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Queensland’s government is set to introduce new laws that will allow hotels and motels to install fingerprint readers on all their doors.
Key points:The Government will introduce a law to allow for fingerprint scanning at all entrances in hotels and other propertiesA spokesman for the Department of Health said the move would “help protect vulnerable travellers”It will also allow for hotels to set up “fingerprint locks” at entrances, to prevent criminals from using them to open the door.
The Government said it would introduce the new legislation at the beginning of 2019.
The change will make Queensland’s hotel and motel occupancy record keeping system compliant with the Criminal Code, which allows for “reasonable measures” to be taken to prevent fraud.
The fingerprint scanner will be used by hotel staff to access and validate visitors’ fingerprints.
“The new fingerprint scanning legislation will allow hotel management and staff to use a unique fingerprint scanner on all of their door and reception doors to help protect vulnerable tourists,” the Government spokesman said.
“It is important that these measures are carried out in accordance with the Queensland Crime and Punishment Act 2015, which provides that the crime of fraud or breach of the law may be prosecuted in Queensland for a person to obtain or use a stolen or fraudulent identity document.”‘
Passport-free zone’The move comes as the Queensland Government faces increasing calls for it to introduce a fingerprint lock at hotels.
The Department of Public Health and Sustainability (DPHP) said the fingerprint scanner would help police track a stolen passport, a criminal’s fingerprints and other evidence in order to find and arrest suspects.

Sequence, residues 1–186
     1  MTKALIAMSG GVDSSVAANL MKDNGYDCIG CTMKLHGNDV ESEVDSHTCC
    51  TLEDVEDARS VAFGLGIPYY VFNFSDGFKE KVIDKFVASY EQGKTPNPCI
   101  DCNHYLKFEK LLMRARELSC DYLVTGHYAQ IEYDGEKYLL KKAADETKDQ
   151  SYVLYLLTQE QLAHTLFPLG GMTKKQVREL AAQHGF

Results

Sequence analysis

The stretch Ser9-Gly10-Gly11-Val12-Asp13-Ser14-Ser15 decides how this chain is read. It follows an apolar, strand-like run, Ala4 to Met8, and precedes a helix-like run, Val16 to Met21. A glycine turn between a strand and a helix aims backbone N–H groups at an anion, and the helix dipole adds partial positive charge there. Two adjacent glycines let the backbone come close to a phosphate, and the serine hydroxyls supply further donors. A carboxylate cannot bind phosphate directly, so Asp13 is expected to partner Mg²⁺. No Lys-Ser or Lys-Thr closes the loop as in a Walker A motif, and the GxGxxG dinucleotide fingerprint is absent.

The DPHH said the technology was already used in hotel rooms.
“Our fingerprint scanner is already used at the front door at the Queensland Hotel and Motel Association, as well as at all our entry points, to assist with the fingerprinting and verification of guests,” the DPHI said.
The use of the fingerprint reader will also help police determine whether the victim is a suspect.
“These technologies are already being used by police to track people entering the criminal justice system and other offences, and the Queensland Police Force and the Royal Commission into Child Sexual Abuse will use these technologies in the future,” the spokesperson said.
Mr Turnbull said he wanted the Government to “make sure these measures work”.
“It’s very important that our security measures are secure, so that we can protect our vulnerable travellers, and we can be as safe as possible, we want to make sure that all Queenslanders are protected and we want them to feel safe in Queensland,” he said.
Topics:travel-and-tourism,crime,public-sector,government-and-(parties)2017-2018,state-parliament,police,australiaFirst posted March 05, 2019 08:21:20Contact Greg Ward